How to Draft Proposals to Children's Book Publishers
Publishers require prospective authors to submit either a proposal (a longer document providing additional editorial and marketing information about your book) or a query letter (a one-page letter of introduction inviting the publisher to ask for more details about your project).
Most publishers have guidelines for how they want your material to arrive, regardless of whether you’re sending a query letter or a full proposal. Always find out the guidelines and follow them to the letter. Ignore them at your own risk.
Take one of these three easy routes to getting a publisher’s guidelines:
Visit the publisher’s website. (This is probably the best option of the three because you’re guaranteed to get up-to-date information quickly.)
Write a letter to the publisher requesting its submission guidelines (and include a self-addressed stamped envelope).
Consult a written or online guide to children’s book publishers.
After you know how your chosen publisher wants your materials submitted, you’re ready to pull together your query letter and/or proposal.
A proposal is generally appropriate only for longer nonfiction books. You would never do a proposal for a board book, for example — unless for some strange reason that’s how the publisher you’re targeting wants board books submitted.
A nonfiction book proposal most often contains some form of the following, although many publishers (and agents) have specific guidelines for submitting nonfiction proposals. If you are submitting a requested proposal for fiction (also unusual), you may use the same elements:
Contents: A guide to the contents of your proposal, not your actual manuscript. This part, like a table of contents, should just list all the other parts of your proposal — such as marketing plan, target audience, author biography, and so on — as well as the page on which each part begins.
Summary: Write the sexiest, most engaging, intriguing teaser about the book without giving away the ending, much like the copy on a hardcover book jacket or the back cover of a trade paperback. Aim for no more than two pages of summary material.
Author bio: This is the part about you, often written in the third person, that indicates why you are the best possible person to write this book. What are your special qualifications? What else have you published, and were any of these publications critical or commercial successes? Don’t be afraid about bragging here — but don’t do it in more than one page.
Audience: Who is your target audience? (And no, children of all ages is not a target audience.) And why will the audience you are targeting buy, keep, download, talk about, and share your book with others? You should describe your audience as specifically as possible — in one page.
Competition: What other books out there like yours have been successful? How is yours different and unique in comparison? Be sure to identify the exact title, author, publisher, and year of release for all competitive titles you list. This part can be up to two pages long.
Marketing plan (if any): How does your standing in the universe or in your profession or in your social life afford you — and thus your publisher — any advantages when it comes to advertising, promoting, or marketing your book? Famous friends? How can your publishers legally use those relationships? Be specific and realistic, don’t overpromise and underdeliver upon closer scrutiny, and keep this section of your proposal to one page.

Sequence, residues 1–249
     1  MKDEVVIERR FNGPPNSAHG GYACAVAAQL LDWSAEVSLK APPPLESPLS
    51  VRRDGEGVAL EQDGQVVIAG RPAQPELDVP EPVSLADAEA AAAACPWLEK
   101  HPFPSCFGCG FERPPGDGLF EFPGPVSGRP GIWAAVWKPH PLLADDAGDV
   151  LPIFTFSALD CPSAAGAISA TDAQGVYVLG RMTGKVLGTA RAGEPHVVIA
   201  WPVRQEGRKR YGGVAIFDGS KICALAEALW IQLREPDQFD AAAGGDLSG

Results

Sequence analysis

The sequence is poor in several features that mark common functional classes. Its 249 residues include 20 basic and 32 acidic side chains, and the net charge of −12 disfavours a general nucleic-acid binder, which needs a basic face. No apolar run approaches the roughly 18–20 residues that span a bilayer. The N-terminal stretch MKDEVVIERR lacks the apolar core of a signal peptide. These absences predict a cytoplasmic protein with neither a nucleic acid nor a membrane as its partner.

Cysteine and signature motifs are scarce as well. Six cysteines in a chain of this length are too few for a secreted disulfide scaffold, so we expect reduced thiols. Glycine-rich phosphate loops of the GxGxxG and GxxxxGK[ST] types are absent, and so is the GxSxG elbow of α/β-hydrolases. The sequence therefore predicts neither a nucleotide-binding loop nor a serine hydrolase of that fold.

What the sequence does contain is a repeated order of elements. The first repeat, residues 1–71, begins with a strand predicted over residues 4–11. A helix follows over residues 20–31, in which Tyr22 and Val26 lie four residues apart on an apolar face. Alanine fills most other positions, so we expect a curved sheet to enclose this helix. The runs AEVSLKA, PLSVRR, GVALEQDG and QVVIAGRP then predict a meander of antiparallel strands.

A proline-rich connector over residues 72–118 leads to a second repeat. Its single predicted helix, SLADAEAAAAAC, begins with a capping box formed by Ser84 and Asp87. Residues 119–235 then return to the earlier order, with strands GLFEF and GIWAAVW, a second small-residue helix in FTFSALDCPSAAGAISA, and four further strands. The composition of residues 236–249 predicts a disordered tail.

Manuscript specifications: This is where you note the nitty-gritty details of your proposed book: Word count or amount of pages based on a specific existing format. Number of illustrations, photographs, images, charts, and so on, will you have? Will you take care of obtaining them in the proper form and getting legal permission to use them? (The answer is usually yes and yes.)
Anything special about the format you are proposing that makes it out of the ordinary (for example, if you are writing a nonfiction book about how to build miniature Victorian dollhouses and you want to include the materials to make a miniature rag doll; or if most books like this come with color photos and you want to use graphics imitating comics for the majority of the images) — make sure to mention that. Finally, is the manuscript complete?
Outline: Tell the publisher what she can expect to find in the guts of your book, starting with the table of contents and adding a paragraph about each specific chapter’s contents. Imagine a screenshot of how the entire book is organized.
You don’t have to marry this outline — often content and plans change — but your outline must be as thorough as you intend your book to be. It should contain section and chapter headings; beneath each heading, give one to three paragraphs explaining what the chapter contains and how the content moves the book forward.
Sample chapter(s): Three complete sample chapters is the norm here. You don’t have to include the first three chapters, but three great chapters well representative of your style, approach, voice, and ability to deliver what your proposal proposes.
Not counting the introduction and sample chapters, a proposal typically runs 10 to 15 pages. It should be unbound, double-spaced throughout, and have 1-inch margins all around.